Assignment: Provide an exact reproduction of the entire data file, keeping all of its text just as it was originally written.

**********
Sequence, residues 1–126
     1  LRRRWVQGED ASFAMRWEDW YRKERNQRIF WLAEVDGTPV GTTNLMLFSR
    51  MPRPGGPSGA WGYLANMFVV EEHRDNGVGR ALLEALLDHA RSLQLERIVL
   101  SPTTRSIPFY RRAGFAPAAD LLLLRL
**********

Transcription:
Sequence, residues 1–126
     1  LRRRWVQGED ASFAMRWEDW YRKERNQRIF WLAEVDGTPV GTTNLMLFSR
    51  MPRPGGPSGA WGYLANMFVV EEHRDNGVGR ALLEALLDHA RSLQLERIVL
   101  SPTTRSIPFY RRAGFAPAAD LLLLRL